Supreme Court Nominee Brett Kavanaugh Has History of Opposing Unions

Wednesday, July 11, 2018

Supreme Court Nominee Brett Kavanaugh Has History of Opposing Unions

President Trump’s appointment of Judge Brett Kavanaugh to the Supreme Court, if confirmed by the Senate, could cement the court’s pro-business tilt for decades to come.

This appointment has the potential to affect every one of us in a labor union. Labor unions have fought for decades and continue to fight for fair policies such as the right to organize, equal pay for women, safety in the workplace, civil rights for women and the LGBTQ community, immigration and voting rights.

Kavanaugh’s nomination was triggered by the retirement of Justice Anthony Kennedy, who was appointed by President Ronald Reagan and has served on our country’s highest court since 1987. Many recent Supreme Court rulings have been decided by the conservative majority by a 5 to 4 vote. Justice Kennedy was considered a “swing vote,” since he sided with the more liberal justices on social issues such as gay marriage and the Affordable Care Act. Judge Kavanaugh’s writings over his 12 years on the Federal bench show that he will side with the conservative majority in most cases. His confirmation will give the conservative wing of the court a 6-3 “super majority” which has many labor leaders concerned about future challenges to civil rights, including labor rights.

As a Federal District Court judge in DC, Judge Kavanaugh overruled an unfair labor practice decision from the National Labor Relations Board against the Venetian Hotel and Casino in Las Vegas, stating that the hotel’s management was right to request that police issue citations for protesting on public property outside the casino. In 2007 he gave the Defense Department the ability to curb civilian workers’ collective bargaining rights. In a decision supporting Sea World, he wrote that OSHA cannot regulate safety in sports and entertainment. He supported a meat packing business against a successful organizing drive ruling that undocumented workers are not “employees” and had no right to organize a union.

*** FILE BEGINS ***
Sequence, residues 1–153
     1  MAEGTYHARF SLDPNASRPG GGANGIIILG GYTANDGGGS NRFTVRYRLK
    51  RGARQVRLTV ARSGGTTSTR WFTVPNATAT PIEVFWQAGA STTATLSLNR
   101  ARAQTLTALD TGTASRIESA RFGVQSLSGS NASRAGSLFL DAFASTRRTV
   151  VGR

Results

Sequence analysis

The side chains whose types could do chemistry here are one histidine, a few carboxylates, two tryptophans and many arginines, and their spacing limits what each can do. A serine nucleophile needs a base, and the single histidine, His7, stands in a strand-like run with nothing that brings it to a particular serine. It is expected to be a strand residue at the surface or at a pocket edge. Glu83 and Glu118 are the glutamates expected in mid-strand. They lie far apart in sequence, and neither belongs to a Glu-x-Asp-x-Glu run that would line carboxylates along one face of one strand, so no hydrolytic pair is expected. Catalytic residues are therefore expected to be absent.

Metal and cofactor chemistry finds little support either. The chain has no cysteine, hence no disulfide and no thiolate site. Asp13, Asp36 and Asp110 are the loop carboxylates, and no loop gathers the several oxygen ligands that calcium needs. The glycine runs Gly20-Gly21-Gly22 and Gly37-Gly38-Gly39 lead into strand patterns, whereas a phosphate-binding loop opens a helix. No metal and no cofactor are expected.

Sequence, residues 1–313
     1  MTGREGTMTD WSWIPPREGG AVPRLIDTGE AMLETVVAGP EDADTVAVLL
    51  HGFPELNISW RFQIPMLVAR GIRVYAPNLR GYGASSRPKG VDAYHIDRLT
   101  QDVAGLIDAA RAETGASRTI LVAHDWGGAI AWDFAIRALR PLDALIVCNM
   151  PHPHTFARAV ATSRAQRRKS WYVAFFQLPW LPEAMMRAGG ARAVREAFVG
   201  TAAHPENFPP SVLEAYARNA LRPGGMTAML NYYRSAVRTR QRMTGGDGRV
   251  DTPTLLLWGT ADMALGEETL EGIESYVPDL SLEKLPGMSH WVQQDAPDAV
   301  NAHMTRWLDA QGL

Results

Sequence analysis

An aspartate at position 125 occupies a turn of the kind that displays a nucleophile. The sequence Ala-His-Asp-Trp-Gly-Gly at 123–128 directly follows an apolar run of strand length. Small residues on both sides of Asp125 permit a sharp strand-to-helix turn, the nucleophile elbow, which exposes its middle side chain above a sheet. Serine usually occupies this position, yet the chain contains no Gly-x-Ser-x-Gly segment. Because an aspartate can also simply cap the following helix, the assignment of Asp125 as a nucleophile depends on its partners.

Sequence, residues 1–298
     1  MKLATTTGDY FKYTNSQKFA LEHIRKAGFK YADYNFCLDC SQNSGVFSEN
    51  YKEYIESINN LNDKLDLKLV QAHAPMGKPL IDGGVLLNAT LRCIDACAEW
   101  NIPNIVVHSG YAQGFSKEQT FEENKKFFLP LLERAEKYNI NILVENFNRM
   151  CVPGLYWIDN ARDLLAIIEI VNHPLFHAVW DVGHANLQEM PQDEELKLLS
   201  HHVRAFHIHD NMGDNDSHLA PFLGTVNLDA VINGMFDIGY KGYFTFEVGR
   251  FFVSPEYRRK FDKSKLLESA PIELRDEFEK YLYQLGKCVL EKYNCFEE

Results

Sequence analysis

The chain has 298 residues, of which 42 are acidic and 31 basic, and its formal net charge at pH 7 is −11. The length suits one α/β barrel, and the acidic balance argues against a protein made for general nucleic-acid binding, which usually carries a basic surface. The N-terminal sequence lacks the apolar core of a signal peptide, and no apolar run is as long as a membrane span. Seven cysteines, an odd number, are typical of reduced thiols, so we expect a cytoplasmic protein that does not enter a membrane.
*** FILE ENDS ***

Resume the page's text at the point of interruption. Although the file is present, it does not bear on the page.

The 51-49 split between Republicans and Democrats in the Senate, combined with the absence of Senator John McCain (R-Arizona) who is critically ill, sets the stage for a confirmation battle on Capitol Hill. Senators Susan Collins (R-Maine) and Lisa Murkowski (R-Alaska) are considered moderate Republicans who have stated their support of court precedent, particularly in regards to women’s reproductive rights. Will they join Democratic Senators who hope they can achieve a united front against the Kavanaugh nomination? Many observers are speculating about how the three Democratic Senators who voted for President Trump’s first Supreme Court nominee will vote this time. They are Joe Manchin (D-WV), Heidi Heitkamp (D-ND) and Joe Donnelly (D-IN), who joined Republican Senators including Collins and Murkowski and voted to confirm conservative Justice Neil Gorsuch in 2017.

In light of recent Supreme Court decisions like Janus vs AFSME which have put restrictions on the rights of unions to organize and represent workers, it is important that every American worker, whether they are a union member or not, understand the importance and the need to be informed and involved in this decision.

Each and every one of us should phone the United States Capitol switchboard at (202) 224-3121. An operator will connect you directly to your Senator’s office.

Tell them not to support Judge Brett Kavanaugh to the Supreme Court.